What do I need to do to prepare the ground?

      • Preparing the ground needs to start in the fall. If you till that is the time to do it and add any natural fertilizer. If you apply natural fertilizer (aka manure) in the spring, you could burn up your crops.


        What is the easiest thing to grow?

        • I find the easiest things to grow in our area are peppers of all kinds.


          What is the easiest thing to preserve?

          •  Preserving onions, garlic, and potatoes are pretty straightforward.


            The Last Thing You Need to Know about Homesteading


            • The main thing to know about small homesteading is that it can be accomplished in a very small space, even a windowsill can get you started. You decide what works for you. Starting small and being patient are key when beginning.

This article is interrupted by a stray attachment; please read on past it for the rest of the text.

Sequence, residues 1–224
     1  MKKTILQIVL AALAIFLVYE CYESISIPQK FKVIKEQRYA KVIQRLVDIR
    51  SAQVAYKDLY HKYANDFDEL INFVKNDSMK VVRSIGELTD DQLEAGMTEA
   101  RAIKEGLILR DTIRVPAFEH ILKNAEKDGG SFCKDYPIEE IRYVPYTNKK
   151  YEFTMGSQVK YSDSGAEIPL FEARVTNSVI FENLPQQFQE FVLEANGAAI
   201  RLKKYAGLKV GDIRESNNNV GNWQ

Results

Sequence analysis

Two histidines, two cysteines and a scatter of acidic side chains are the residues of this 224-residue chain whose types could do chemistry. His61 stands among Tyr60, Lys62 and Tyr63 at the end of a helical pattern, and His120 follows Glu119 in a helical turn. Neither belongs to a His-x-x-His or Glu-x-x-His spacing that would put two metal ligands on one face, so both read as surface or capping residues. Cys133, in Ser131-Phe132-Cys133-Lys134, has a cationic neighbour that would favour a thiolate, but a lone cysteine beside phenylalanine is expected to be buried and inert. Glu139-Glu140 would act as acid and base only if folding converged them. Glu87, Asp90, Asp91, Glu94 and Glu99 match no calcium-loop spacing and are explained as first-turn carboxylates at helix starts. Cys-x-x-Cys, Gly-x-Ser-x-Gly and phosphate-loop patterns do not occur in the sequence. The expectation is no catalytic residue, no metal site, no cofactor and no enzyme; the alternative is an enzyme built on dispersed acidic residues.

• If you liked this post, please share/comment/subscribe!


            vegetable plants for homesteading


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            Herb Container Gardening

            Herb Container Gardening

            I love herb container gardening. After several years of trial and error, this is the easiest way I’ve found to grow herbs. Bonus: I have the perfect spot outside my kitchen door where I can easily access these for cooking! There are some herbs that do really well in the regular garden. However, some will completely take over if planted there and ruin your garden.


            I love me some mint! My favorite thing to do in the summer is to take a sprig of fresh mint and put in my glass of ice water. So refreshing. However, mint of any variety is one of those plants that will completely take over the garden if left to its own devices. For my needs, I buy ONE plant and plant it in a medium-sized container and have plenty.